Page(s): 2481 - 2487
    Save to Project icon | Request Permissions | Click to expandQuick Abstract | PDF file iconPDF (884 KB) |  | HTML iconHTML  

    The European Organization for the Exploitation of Meteorological Satellites (EUMETSAT) Ocean and Sea Ice Satellite Application Facility delivers operational wind products from the Advanced Scatterometer (ASCAT) at 25 km and 12.5 km Wind Vector Cell (WVC) spacing. In these products, based on the backscatter processing performed at EUMETSAT, data closer than ~ 70 km (25 km products) or ~ 35 km (12.5 km products) to the coast are flagged because of land contamination. An alternative wind product is presented here which uses a different way of averaging the full resolution (FR) backscatter measurements from ASCAT. The FR backscatter measurements are screened for land contamination in the coastal zone, thus allowing the construction of WVCs that follow the coast line. The implied alternative spatial averaging allows good quality winds over sea as close as 15-20 km to the shore. The alternative (coastal) and nominal products are compared, and the resulting winds are validated with buoy winds, both in coastal and open sea regions. In regions far away from the coast, the ASCAT coastal and nominal products appear to be of identical quality, but fewer WVCs pass the quality control steps for the nominal product, indicating that the coastal product better resolves sub-WVC wind variability. In the coastal region, we anticipate enhanced wind variability due to katabatic and sea breeze effects, among others. However, the quality of the coastal winds in terms of buoy wind component difference standard deviation is almost as good as for the open sea winds. View full abstract»

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  • Improved ASCAT Wind Retrieval Using NWP Ocean Calibration

    Page(s): 2488 - 2494
    Save to Project icon | Request Permissions | Click to expandQuick Abstract | PDF file iconPDF (411 KB) |  | HTML iconHTML  

    The Advanced Scatterometer (ASCAT) wind data processor (AWDP) currently uses the so called CMOD5n geophysical model function (GMF), which was originally derived for the European Remote Sensing (ERS) scatterometers. In order to deliver a high-quality ASCAT wind product, the operational AWDP uses backscatter measurement corrections that are estimated visually (VOC) for each wind vector cell. We propose an alternative and previously established method for estimating correction tables based on numerical weather prediction ocean calibration residuals (NOC). It embodies a smooth incidence-angle dependent part that could serve as an appropriate ASCAT GMF correction, and a radar-beam-dependent residual. The incidence-angle-dependent part of these correction tables is due to differences in calibration procedure of the ERS and ASCAT scatterometers. For the high ASCAT incidence angles for which the GMF has not been assessed by ERS data, the modification is quite large, almost 1 dB. The incidence angle-dependent part is derived by fitting the OC residuals of all beams obtained over one year of data. It is subsequently used to adapt the GMF (yielding CMOD5na). The remaining radar-beam-dependent residual (NOCa) shows a wiggle pattern as function of incidence angle that is very persistent over time, apart from a seasonally varying offset. Both the effects of the GMF modification and the beam-dependent residual on the wind retrieval quality are investigated in this paper. Overall, the performance of NOC is better than that obtained with the previously used VOC calibration method, and the wind statistics show a much better symmetry of the left and right swath for NOC. The beam-dependent corrections improve the quality of the retrieved winds. NOC may thus be used for the intercalibration of the ERS and ASCAT scatterometers. View full abstract»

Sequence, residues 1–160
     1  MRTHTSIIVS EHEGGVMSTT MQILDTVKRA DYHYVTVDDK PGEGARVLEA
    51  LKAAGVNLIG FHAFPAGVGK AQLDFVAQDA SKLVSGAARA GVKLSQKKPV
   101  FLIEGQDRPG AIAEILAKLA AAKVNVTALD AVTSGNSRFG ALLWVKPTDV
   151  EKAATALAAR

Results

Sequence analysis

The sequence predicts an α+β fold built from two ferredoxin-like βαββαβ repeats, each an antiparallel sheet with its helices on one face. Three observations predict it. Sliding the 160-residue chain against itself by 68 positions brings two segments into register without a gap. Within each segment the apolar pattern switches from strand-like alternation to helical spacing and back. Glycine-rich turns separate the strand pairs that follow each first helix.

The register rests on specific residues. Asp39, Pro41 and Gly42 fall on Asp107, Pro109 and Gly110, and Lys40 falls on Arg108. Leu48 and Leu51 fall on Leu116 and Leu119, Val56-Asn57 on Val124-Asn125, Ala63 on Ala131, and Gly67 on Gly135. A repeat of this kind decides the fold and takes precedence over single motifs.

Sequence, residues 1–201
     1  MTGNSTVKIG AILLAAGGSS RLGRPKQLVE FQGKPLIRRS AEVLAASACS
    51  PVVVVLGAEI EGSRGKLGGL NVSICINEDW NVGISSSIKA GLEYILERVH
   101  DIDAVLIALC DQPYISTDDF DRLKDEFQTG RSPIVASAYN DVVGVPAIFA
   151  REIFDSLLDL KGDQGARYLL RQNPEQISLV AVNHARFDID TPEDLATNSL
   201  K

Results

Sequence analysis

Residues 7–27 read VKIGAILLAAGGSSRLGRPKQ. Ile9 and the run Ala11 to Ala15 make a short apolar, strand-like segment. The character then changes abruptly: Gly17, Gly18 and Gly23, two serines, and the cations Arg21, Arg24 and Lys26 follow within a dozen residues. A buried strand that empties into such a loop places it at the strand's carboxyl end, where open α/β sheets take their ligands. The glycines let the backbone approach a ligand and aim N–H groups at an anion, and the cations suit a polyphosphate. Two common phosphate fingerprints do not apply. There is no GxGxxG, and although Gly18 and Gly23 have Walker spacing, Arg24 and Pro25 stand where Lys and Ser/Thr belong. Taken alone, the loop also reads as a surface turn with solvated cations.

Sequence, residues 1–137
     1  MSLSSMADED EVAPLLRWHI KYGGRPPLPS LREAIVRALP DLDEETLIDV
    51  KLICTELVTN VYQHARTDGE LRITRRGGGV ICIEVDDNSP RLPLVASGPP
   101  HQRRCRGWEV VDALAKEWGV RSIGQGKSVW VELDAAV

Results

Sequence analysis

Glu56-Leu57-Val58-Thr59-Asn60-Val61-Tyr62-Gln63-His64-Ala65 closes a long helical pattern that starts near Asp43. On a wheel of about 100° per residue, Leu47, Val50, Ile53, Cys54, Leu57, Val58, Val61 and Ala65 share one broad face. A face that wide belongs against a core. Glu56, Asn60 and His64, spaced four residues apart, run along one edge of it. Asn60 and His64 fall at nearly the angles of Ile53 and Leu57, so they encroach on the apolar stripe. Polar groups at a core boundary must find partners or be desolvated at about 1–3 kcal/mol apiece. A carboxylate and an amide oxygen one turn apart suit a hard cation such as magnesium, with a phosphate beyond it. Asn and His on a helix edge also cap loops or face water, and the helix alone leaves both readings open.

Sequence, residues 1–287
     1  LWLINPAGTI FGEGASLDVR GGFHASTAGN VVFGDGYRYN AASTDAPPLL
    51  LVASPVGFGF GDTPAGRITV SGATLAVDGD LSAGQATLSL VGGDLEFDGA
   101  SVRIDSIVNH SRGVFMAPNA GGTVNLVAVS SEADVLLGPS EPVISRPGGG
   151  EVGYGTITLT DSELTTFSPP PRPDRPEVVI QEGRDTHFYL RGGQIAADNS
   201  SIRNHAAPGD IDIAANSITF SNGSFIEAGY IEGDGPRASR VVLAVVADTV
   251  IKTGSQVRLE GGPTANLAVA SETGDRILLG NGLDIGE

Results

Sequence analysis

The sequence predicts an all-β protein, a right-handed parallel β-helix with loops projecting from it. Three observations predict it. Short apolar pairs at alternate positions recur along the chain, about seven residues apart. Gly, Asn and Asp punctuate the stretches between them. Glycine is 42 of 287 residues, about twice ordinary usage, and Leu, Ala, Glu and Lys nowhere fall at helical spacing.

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  • Rain Effects on ASCAT-Retrieved Winds: Toward an Improved Quality Control

    Page(s): 2495 - 2506
    Save to Project icon | Request Permissions | Click to expandQuick Abstract | PDF file iconPDF (1264 KB) |  | HTML iconHTML  

    The quality of the Ku-band scatterometer-derived winds is known to be degraded by the presence of rain. Little work has been done in characterizing the impact of rain on C-band scatterometer winds, such as those from the Advanced Scatterometer (ASCAT) onboard Metop-A. In this paper, the rain impact on the ASCAT operational level 2 quality control (QC) and retrieved winds is investigated using the European Centre for Medium-range Weather Forecasts (ECMWF) model winds, the Tropical Rainfall Measuring Mission's (TRMM) Microwave Imager (TMI) rain data, and tropical buoy wind and precipitation data as reference. In contrast to Ku-band, it is shown that C-band is much less affected by direct rain effects, such as ocean splash, but effects of increased wind variability appear to dominate ASCAT wind retrieval. ECMWF winds do not well resolve the airflow under rainy conditions. ASCAT winds do but also show artifacts in both the wind speed and wind direction distributions for high rain rates (RRs). The operational QC proves to be effective in screening these artifacts but at the expense of many valuable winds. An image-processing method, known as singularity analysis, is proposed in this paper to complement the current QC, and its potential is illustrated. QC at higher resolution is also expected to result in improved screening of high RRs. View full abstract»